People Flourish When Food Comes FirstWe are touching the lives of hundreds of thousands of hungry Marylanders, positively impacting communities from Cumberland to Cambridge. Join The Fight
The food you help provide to Marylanders in need has an impact that reverberates throughout our state. Well-fed children learn more, struggling working families get back on their feet, seniors thrive, and individuals are able to focus on more productive pursuits than finding food.
With your help, we can give more than food. We can give hope.
Who We Help
We could measure the Maryland Food Bank’s impact in numbers, such pounds of food or meals distributed annually, but the most accurate measure of our impact is on the lives we touch.
Maryland Food Bank helps:
- Hungry Children – proper nutrition is crucial for child development and academic success, improves confidence, and correlates with reduced risk of health issues, school dropouts, and incarceration.
- Working Families – food assistance helps families in Maryland, a state with one of the highest costs of living in the country, avoid having to choose between food and other key household expenses like health care or housing.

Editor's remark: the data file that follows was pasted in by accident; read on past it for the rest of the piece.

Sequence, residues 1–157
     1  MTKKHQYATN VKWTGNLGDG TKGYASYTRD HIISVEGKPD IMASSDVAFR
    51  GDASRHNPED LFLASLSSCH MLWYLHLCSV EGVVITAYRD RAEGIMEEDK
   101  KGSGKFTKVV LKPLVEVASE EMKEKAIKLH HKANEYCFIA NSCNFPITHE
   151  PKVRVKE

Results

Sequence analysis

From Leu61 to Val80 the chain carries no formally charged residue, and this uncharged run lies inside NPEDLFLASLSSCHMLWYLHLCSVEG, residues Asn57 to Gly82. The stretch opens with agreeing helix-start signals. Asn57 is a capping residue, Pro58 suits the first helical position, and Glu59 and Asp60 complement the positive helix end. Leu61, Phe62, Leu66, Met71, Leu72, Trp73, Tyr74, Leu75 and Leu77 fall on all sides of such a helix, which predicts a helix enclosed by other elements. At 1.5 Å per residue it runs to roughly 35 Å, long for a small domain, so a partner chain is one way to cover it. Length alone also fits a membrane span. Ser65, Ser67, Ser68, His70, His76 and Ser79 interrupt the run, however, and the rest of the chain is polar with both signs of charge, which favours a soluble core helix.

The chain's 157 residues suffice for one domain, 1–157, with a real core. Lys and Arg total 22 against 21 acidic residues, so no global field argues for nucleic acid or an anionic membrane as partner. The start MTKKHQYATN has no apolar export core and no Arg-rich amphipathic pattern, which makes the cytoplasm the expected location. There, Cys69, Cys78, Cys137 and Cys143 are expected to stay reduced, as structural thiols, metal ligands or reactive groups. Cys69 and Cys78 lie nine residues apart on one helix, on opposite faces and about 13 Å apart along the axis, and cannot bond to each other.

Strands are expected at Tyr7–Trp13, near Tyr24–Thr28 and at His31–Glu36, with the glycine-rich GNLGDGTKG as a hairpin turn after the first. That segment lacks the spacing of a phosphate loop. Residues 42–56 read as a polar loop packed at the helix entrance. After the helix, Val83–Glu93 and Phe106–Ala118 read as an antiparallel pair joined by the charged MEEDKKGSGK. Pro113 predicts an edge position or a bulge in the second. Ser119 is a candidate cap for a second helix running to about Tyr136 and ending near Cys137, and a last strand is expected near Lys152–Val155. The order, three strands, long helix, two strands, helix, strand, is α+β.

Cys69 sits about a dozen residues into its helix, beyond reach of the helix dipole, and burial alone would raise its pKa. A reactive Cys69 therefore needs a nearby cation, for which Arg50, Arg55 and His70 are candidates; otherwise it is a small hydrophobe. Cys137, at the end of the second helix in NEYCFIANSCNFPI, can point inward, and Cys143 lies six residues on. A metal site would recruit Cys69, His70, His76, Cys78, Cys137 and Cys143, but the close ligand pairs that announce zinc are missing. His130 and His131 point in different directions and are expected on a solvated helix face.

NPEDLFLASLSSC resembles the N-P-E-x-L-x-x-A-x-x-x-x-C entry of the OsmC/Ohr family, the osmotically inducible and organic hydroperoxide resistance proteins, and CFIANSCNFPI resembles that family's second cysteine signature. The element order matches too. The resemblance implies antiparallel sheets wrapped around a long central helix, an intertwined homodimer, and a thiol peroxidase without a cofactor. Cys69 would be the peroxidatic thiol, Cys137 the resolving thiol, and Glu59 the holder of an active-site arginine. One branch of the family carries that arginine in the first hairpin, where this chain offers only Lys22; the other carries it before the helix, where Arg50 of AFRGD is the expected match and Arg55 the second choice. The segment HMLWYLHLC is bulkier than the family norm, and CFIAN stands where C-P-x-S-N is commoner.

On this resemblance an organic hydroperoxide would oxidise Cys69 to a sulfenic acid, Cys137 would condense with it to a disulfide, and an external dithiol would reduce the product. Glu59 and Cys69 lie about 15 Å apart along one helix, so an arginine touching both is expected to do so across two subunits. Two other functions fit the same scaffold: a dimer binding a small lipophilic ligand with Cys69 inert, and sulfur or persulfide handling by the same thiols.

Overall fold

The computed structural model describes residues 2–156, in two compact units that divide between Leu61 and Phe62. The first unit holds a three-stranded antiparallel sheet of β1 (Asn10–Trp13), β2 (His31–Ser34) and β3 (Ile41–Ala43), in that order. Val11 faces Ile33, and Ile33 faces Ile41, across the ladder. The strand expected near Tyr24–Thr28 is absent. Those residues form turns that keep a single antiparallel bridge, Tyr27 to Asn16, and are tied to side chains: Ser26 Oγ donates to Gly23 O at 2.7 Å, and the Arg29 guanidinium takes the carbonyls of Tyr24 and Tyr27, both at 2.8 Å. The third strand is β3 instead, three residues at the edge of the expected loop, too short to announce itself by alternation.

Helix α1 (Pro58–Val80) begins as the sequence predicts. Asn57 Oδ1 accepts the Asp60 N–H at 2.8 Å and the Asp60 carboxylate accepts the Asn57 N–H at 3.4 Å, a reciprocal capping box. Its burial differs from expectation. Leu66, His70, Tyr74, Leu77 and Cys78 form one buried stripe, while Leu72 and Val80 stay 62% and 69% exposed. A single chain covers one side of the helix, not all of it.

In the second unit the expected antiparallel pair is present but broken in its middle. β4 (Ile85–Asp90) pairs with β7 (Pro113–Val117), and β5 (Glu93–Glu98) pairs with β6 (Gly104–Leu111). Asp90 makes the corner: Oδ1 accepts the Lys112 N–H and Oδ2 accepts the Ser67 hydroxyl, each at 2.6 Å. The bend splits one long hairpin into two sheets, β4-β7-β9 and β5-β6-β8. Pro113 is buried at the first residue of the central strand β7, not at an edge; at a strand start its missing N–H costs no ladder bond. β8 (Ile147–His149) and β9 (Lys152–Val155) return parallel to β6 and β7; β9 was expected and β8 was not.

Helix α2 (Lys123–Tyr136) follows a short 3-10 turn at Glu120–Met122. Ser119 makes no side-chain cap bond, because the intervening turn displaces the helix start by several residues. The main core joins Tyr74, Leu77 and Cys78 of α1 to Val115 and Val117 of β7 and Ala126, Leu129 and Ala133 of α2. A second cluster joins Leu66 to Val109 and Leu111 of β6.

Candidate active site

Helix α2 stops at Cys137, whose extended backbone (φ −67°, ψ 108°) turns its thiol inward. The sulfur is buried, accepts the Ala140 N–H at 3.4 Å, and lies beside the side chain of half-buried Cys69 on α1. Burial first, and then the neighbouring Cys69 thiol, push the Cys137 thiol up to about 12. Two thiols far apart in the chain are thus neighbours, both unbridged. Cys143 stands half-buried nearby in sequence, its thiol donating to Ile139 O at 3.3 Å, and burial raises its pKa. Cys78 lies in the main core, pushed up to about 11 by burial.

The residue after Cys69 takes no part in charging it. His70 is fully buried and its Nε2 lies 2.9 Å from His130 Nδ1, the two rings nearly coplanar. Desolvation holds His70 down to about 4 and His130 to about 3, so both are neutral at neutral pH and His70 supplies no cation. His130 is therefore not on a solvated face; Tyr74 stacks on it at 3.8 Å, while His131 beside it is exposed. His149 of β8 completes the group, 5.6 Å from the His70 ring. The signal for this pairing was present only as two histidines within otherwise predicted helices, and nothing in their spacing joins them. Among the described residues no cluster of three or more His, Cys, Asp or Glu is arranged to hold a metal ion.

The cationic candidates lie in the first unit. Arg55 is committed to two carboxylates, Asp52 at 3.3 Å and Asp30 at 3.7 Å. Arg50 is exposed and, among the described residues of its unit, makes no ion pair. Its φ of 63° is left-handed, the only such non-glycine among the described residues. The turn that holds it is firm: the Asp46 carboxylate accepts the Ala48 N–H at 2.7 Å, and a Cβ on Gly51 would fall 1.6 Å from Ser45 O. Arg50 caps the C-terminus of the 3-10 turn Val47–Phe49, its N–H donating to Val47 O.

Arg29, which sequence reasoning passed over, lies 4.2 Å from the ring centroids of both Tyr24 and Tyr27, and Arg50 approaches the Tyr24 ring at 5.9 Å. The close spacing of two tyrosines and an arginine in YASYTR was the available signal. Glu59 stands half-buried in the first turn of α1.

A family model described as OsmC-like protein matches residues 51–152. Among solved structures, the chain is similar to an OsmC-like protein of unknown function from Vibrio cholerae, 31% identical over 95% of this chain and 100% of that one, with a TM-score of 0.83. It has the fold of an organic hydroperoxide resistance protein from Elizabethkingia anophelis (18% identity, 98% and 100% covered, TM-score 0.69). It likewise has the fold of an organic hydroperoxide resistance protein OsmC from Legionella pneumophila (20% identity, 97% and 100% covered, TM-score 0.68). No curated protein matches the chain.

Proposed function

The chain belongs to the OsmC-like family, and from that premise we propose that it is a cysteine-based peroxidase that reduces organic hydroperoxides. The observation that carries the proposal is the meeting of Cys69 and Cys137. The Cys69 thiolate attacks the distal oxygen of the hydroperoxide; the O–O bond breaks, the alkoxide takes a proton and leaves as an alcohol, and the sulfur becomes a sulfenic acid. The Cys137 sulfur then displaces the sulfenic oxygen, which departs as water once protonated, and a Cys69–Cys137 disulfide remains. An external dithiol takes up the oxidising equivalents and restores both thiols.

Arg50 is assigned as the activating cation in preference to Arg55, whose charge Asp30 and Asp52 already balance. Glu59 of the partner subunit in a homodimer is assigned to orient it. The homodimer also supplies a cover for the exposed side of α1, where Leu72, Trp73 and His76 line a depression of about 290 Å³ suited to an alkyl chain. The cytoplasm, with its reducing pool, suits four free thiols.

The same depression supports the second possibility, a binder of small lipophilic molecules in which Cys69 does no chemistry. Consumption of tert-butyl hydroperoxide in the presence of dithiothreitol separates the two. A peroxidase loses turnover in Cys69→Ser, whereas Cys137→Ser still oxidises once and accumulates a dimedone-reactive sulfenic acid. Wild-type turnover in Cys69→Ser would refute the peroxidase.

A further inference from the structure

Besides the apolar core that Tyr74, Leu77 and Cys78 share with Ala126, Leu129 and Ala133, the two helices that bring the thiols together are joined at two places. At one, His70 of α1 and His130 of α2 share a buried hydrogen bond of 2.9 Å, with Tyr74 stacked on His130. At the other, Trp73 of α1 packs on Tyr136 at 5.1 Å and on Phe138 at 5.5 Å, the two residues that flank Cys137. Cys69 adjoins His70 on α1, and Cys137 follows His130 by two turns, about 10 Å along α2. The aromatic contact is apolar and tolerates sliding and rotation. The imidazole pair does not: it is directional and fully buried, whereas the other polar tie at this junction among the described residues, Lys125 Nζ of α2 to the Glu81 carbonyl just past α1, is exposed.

- Seniors – malnourished seniors suffer an increased risk of a variety of health issues, including gum disease, asthma, diabetes, depression, high blood pressure, congestive heart failure, and heart attack.
- Maryland’s Communities – food assistance resources distributed through programs such as SNAP program have been shown to nearly double their economic impact on the local community, and positively impact the quality of its health, safety, and education.
Hear Their Stories
The true face of hunger might not be what you expect. Find out what happens when we help our neighbors in need, in their own voices.
As children across the state return to some form of schooling this school year, we remain committed to providing young Marylanders with access to the food and nutrition they need to succeed. While schools face many uncertainties this year, one thing is for certain – MFB’s steadfast belief that no child should go hungry will eclipse any potential challenges to feeding kids in need.
Since 2011, Amy Cawley has overseen the Farm to Food Bank Program, which combines field gleanings, donations, and contract growing to form the cornerstone of the food bank’s nutrition strategy. She has helped the program grow from its humble roots with just two partners — First Fruits Farms in northern Baltimore County and Arnold Farms in northeastern Queen Anne’s County — into a powerhouse produce program with more than 60 farms that infuse our statewide food distribution efforts with hundreds of thousands of pounds of nutritious fruits and vegetables annually.
Generous support from public and private sources allowed the food bank to provide food and funds directly to community organizations across the state.
Joe Rodriguez is one of hundreds of Marylanders who have transformed their lives through FoodWorks, MFB’s 12-week intensive culinary training program that helps students become professional chefs and find careers in Maryland’s hospitality industry.